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Asien-Orient-Institut UFSP Asien und Europa (2006–2017)

Japanese Modernity as Postcolonial Experience

During the fall semester 2011 Jun’ichi Isomae joined the URPP Asia and Europe as a visiting scholar. In his essay he ponders the notion of traveling theories as well as the importance of postcolonial studies for non-Western experiences.

Jun’ichi Isomae

In my experience, I have been astonished at the substantial intellectual shifts among East Asian scholars in both Europe and America. Recently, I had the opportunity to teach critical theories at European universities before a student body consisting primarily of Europeans and Americans. Nobody displayed discomfort at the notion of learning theory from a non-Westerner, especially from one like me who did not receive a Ph. D. from a Euro-American University.

Almost ten years ago, however, at a well-known American university, I was treated as a native informant. They expected me not to lecture on theory, but rather to supply a firsthand Japanese perspective. In my Japanese religions seminar, an American professor suddenly made me stop lecturing after my elaboration on the subject matter. “Now it is our [the Americans] turn to interpret this information about Japanese religion with which Jun’ichi [the Japanese native] has provided us,” he stated. Their attitude as colonizers angered me, so I criticized them: “Contrary to what you think, your understanding of Japanese religion is artificial. Today I will problematize your monolithic concept of it through my way of interpretation.” The atmosphere of my classroom turned drastically worse, so that many professors turned silent and appeared baffled. They seemed unhappy with this dissent from a Japanese scholar whom they apparently presumed would be quite cooperative in the role of native informant. By the following week, everyone had withdrawn from the seminar with the exception of a few students and administrators, reducing what was originally a group of over twenty to a group of three. Gradually, several more (non-Western) graduate students and administrators―but no professors― joined the seminar.

Area studies in the service of the Cold War

That experience occurred nearly ten years ago. Almost immediately after the publication of Harry Harootunian’s and Masao Miyoshi’s edited book Learning Places: The Afterlives of Area Studies in 2002―a criticism of the political commitments in U. S. area studies during the Cold War when American intellectuals, bureaucrats, and politicians sought information about how to establish anti-communist governance in Asian countries―the Death of a Discipline was declared for area studies. It was an identity crisis for this field of inquiry, whose rhetoric of collegiality had masked the inequality between American theorists and native informants. Harootunian’s view suggests that it was not coincidental that the people who joined my seminar were not American Anglo-Saxon professors but rather Asian graduate students and administrators: they found an opportunity to speak out by themselves not as native informants but as people engaging theories.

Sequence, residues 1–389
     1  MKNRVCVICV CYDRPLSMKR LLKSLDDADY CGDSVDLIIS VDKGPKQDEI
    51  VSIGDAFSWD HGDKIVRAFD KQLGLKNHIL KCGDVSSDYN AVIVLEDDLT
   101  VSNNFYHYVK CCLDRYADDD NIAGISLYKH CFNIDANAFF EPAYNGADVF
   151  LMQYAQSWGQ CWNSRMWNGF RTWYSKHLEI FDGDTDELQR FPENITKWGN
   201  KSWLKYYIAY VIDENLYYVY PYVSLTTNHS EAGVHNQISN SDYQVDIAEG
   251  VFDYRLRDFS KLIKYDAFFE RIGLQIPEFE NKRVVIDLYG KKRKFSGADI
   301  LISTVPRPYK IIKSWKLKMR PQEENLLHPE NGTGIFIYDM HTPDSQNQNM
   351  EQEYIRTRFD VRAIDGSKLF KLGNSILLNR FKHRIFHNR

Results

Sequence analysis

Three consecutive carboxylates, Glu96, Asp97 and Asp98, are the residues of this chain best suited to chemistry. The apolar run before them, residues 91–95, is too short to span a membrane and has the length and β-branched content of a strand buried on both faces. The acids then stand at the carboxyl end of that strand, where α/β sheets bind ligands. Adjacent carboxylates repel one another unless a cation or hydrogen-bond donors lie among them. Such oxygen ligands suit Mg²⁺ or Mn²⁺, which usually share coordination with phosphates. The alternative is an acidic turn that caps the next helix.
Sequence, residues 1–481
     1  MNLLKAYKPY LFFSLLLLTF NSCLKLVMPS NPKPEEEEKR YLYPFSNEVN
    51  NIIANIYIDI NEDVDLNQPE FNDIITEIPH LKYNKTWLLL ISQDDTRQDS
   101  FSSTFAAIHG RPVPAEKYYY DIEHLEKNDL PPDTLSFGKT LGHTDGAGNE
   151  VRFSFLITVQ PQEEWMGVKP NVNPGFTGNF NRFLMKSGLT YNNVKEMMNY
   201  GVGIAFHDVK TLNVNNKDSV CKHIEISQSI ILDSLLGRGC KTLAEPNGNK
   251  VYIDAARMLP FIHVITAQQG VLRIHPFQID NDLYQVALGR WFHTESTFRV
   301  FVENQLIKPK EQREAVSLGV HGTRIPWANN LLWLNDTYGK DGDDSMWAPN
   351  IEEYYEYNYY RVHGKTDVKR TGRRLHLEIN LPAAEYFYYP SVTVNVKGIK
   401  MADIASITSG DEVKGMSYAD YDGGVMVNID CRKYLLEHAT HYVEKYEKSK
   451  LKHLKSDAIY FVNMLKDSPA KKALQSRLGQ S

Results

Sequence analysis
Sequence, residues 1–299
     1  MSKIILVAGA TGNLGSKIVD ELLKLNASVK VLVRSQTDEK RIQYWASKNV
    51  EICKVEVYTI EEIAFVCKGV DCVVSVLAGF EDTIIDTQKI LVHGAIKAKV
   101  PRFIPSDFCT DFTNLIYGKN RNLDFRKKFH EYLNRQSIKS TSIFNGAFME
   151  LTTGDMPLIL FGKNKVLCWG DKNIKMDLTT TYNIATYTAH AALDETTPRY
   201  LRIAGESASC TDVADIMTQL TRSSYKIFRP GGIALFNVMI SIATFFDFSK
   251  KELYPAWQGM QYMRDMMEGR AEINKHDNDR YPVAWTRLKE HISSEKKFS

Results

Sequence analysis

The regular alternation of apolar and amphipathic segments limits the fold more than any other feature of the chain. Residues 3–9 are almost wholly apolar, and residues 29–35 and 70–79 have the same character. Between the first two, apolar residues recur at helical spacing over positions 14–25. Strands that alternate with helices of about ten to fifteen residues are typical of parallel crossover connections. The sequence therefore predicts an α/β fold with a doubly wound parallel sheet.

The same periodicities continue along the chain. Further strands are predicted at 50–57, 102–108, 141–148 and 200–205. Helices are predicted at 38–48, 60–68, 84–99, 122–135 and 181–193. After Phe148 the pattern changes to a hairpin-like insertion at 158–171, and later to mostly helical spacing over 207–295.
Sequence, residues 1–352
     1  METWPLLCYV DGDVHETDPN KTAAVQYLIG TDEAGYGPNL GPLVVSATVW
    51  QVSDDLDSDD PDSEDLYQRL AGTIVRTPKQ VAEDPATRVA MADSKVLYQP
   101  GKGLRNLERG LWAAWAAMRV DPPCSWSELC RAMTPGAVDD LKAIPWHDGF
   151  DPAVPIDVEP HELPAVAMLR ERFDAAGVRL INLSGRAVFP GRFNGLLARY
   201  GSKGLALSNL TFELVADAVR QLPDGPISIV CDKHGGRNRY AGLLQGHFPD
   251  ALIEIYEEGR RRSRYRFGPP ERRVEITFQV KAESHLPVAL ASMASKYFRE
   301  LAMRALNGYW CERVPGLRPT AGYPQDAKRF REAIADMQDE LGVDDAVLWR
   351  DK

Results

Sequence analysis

It was also an epoch-making time for postcolonial studies in general. For example, Homi Bhabha, an Indian scholar, became a professor in Harvard University’s department of English Literature, which had theretofore been occupied almost exclusively by American Anglo-Saxon professors. Around the same time, Edward Said of Columbia University passed away. However, Said’s promotion of postcolonial studies along with Bhabha and Gayatri Spivak helped to bring these studies to the forefront of American academia. They succeeded in making it possible for non-Western scholars to speak out as theoretical intellectuals before a Western audience. Western scholars do not occupy all theories, though a number of conservative scholars continue to operate under the influence of the Western theorist/native informant dichotomy. Said explains the transplantation of theory in terms of “traveling theories:”

“Like people and schools of criticism, ideas and theories travel―from person to person, from situation to situation, from one period to another. […] Such movement into a new environment is never unimpeded. It necessarily involves processes of representation and institutionalization different from those at the point of origin.”[1]

Hybridity instead of purity

Now, several years later, I am in Switzerland at the URPP Asia and Europe teaching young scholars from both European and non-European backgrounds about how, from an East Asian perspective, to use theories ranging from postmodernism to post-secularism, post-democracy, and post-colonialism. These young scholars do not mind receiving instruction from a non-native and non-English speaker. Based chiefly on intellectual curiosity, they seek to understand the viewpoints of figures such as Talal Asad, Said, Spivak, and Bhabha. Each one of these theorists is non-Western: they are Palestinian, Indian, Parsi, and Saudi Arabian, respectively. Yet they have utilized English to express non-Western experiences of hybridity in order to be heard internationally. They never insist on the polarity of the West and the rest. On the contrary, each one has had to survive under the postcolonial situation of hybridity (that is, the denial of any “pure” cultural origin). We should not forget the fact that these postcolonial, non-Western intellectuals have close Western ties, mainly to the U.S. They were educated and now teach at American-European universities. Furthermore, even though postcolonial studies began with a Palestinian and an Indian, they have gradually expanded to other areas in East Asia, including Korea, China, and Japan. Spivak has stated her dissatisfaction with India-centric postcolonial studies: